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Maritime Muse

Oslo, Norway

A voyage of discovery for Oslo’s latest design hotel, Amerikalinjen

Oslo has welcomed a much-anticipated addition to its design hotel offering this month with the opening of Amerikalinjen, set in one of the city’s most iconic buildings. Produced and owned by Nordic Hotels & Resorts (purveyors of local boutique favourite, The Thief), the hotel occupies the former headquarters of Norwegian America Line, the cruise ship company founded in 1910 that transported over 900,000 Norwegians in search of a new life in America – the ‘land of opportunity’.

The building, set on Jernbanetorget Square, adjacent to Central Station, dates back to 1919 when local architects Andreas Bjercke and Georg Eliassen were commissioned to create a Neo-Baroque building with maritime accents. What resulted was a grand space befitting of the golden age of maritime travel – with soaring vaulted ceilings, statement staircases and decorative mouldings – and a worthy starting point for the many intrepid emigrants setting off to find the American dream.

Inspired by stories of the settlers, explorers and sailors, the new owners sourced inspiration from the transatlantic journeys, from forgotten cocktail recipes, dining menus and original glassware mouldings to maritime decorations, maps and ornaments like the sculptures of Triton, messenger of the sea, and Nereid, protector of sailors and fishermen, that hang over the oak front doors.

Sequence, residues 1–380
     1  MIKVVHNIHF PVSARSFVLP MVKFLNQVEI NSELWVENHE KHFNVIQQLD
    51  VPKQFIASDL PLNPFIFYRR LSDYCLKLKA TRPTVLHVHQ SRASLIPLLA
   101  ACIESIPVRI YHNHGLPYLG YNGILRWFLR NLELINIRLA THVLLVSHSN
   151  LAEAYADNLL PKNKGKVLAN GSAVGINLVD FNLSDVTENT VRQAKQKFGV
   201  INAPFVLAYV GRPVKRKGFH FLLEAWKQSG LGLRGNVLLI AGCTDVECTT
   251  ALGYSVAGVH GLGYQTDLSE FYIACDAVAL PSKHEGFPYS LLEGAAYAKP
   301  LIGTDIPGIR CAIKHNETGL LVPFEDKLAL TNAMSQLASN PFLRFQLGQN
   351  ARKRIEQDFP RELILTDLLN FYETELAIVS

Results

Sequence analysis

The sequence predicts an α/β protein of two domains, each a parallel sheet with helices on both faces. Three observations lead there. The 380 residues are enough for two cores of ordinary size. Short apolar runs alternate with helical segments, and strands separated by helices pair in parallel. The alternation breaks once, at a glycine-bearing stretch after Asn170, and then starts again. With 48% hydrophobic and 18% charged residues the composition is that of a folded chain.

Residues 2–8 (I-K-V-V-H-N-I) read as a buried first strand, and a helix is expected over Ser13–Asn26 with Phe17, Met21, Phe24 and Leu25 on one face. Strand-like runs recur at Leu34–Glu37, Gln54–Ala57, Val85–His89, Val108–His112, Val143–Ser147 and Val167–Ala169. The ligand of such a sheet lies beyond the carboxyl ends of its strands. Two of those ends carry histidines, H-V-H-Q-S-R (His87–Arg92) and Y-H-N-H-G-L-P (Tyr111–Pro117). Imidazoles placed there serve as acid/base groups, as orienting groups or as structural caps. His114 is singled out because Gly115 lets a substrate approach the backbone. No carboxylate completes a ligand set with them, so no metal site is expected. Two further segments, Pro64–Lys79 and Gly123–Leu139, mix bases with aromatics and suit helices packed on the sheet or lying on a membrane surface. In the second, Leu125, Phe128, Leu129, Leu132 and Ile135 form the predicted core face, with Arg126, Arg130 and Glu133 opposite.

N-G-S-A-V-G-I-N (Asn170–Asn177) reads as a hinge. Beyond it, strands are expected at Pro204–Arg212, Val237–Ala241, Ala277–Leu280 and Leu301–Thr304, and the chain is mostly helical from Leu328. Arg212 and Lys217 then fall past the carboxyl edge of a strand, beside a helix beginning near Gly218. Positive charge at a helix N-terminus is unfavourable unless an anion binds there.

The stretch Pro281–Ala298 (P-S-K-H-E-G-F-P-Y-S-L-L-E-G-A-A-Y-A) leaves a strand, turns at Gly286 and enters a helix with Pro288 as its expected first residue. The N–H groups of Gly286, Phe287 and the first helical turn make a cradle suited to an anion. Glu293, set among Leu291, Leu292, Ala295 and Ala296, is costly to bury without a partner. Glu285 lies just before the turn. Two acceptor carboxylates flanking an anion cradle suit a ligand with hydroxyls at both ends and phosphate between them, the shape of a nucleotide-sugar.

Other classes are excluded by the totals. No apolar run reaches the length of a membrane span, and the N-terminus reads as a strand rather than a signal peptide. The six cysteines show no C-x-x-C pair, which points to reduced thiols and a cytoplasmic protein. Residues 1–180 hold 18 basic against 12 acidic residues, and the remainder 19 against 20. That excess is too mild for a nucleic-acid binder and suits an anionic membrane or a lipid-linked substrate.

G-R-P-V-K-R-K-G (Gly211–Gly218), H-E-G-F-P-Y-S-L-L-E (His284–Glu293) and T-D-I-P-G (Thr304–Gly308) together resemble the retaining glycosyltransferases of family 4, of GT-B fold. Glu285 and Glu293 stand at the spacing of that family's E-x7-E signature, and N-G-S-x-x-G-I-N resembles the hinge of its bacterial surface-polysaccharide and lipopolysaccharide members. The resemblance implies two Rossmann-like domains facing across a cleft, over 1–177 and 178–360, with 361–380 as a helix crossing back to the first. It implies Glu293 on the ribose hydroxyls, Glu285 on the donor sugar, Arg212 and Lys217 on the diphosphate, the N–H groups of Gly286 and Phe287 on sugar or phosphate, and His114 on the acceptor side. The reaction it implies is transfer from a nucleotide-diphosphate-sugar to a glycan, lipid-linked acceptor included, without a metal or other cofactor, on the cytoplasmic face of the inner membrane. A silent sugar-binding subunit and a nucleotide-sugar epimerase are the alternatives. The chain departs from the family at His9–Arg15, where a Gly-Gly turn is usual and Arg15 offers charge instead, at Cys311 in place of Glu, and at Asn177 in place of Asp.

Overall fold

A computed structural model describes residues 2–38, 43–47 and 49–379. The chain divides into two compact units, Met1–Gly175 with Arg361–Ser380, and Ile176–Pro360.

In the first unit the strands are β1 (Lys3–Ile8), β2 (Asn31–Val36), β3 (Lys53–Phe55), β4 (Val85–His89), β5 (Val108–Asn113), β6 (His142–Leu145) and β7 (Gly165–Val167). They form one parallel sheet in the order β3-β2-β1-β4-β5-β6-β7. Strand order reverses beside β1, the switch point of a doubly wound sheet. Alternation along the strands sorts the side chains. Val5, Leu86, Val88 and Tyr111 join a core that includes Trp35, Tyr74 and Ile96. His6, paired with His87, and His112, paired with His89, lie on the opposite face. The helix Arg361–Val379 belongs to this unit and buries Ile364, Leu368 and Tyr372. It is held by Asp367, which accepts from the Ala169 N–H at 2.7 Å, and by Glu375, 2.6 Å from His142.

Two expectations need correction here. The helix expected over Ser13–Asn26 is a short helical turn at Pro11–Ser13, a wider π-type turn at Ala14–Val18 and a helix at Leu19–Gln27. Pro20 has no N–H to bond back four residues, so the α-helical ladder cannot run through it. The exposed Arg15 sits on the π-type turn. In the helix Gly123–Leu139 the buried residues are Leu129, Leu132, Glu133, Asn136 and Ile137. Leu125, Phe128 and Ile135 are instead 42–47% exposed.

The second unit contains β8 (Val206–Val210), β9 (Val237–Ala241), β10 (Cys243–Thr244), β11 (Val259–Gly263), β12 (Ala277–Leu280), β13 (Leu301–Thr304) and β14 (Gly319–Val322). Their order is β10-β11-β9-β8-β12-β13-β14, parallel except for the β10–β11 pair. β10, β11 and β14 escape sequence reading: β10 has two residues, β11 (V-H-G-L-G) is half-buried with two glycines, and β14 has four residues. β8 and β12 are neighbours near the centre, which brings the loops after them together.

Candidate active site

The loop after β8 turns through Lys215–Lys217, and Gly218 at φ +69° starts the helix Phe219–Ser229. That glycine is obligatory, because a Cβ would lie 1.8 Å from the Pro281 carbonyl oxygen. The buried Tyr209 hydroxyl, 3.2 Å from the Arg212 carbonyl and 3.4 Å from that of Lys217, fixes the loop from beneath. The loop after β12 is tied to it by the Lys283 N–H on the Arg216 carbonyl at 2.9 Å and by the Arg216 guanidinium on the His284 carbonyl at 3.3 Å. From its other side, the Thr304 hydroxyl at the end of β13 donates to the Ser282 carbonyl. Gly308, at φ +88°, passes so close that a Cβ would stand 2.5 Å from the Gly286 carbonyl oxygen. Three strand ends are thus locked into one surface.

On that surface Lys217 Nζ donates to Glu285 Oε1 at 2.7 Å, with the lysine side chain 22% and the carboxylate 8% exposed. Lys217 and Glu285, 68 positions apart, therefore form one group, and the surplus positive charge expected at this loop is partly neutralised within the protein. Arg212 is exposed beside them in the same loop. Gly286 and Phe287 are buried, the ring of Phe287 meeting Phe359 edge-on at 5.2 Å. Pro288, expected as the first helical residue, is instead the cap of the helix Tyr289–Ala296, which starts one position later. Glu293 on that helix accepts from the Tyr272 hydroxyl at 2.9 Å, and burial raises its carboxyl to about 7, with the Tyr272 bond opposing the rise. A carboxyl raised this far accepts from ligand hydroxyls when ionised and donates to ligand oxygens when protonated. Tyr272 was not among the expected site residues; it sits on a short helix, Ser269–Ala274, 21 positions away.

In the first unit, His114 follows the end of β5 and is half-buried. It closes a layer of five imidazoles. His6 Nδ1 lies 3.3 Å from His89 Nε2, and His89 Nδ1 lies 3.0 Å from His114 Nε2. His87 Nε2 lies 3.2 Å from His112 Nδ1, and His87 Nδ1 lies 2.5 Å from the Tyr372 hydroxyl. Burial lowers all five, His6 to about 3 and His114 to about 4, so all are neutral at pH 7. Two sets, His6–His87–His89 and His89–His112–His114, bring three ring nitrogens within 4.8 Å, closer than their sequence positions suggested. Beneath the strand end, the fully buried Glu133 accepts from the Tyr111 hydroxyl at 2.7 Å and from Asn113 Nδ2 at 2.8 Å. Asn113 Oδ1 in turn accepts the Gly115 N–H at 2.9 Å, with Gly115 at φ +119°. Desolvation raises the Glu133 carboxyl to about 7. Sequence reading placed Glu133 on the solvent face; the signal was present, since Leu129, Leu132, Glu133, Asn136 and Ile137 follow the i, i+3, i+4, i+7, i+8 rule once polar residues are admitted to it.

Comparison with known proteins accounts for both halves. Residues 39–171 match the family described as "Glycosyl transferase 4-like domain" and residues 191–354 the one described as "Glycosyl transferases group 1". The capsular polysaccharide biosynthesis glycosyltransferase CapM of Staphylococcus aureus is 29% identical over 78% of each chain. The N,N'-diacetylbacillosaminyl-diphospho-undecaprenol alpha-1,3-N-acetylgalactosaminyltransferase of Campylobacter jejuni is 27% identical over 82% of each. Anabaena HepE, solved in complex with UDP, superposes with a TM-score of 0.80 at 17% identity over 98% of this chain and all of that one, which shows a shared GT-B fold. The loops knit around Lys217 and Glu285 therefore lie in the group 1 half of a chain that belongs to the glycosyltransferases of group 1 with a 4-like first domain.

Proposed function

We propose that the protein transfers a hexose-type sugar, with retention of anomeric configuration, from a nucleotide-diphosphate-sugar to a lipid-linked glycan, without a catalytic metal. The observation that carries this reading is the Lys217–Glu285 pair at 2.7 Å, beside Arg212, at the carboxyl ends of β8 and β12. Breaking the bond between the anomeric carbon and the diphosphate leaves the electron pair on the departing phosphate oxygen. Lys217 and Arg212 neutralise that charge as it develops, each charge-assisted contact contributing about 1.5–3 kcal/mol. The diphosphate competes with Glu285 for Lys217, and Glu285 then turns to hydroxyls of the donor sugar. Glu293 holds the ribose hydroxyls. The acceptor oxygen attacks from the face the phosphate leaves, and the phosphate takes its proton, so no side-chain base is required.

The new owners sourced inspiration from transatlantic journeys, forgotten cocktail recipes, dining menus and original glassware mouldings
Norwegian design dots the interior. Hertug Chair by Eikund
Soft neutral palette and harbour views
Interiors by Finnish studio, Puroplan

Local firm Kritt Architects was tasked with reimagining the building, creating 122 rooms and suites alongside an all-day brasserie, bar, basement jazz club and covered courtyard garden. Helsinki-based studio Puroplan headed up the interior design with cleverly defined room spaces that use opaque glass and smoked mirrors, placing emphasis on framed artworks from the ships, revived mid-century Norwegian furniture and pendant lamps from Norwegian glass company Hadeland, who provided the ships’ original glassware.

The local influence intermingles with American themed artworks – curated by Sune Nordgren – namely figurative painter Alex Katz, former street artist Shepard Fairey, and a two-and-a-half-metre tall sculpture, called Towers (representing modern America) – by British artist Julian Opie.

“Just like America was called the Land of Opportunity, today Norway has been given the same title; people are coming here full of the hopes, dreams and aspirations that we had when we left,’’ says Petter Stordalen, the owner of Nordic Hotels & Resorts. ‘‘We wanted to create a hotel that tells this story of people in motion and to rejuvenate and bring life back to this historical building. This is a hotel not just for guests, but for everyone.”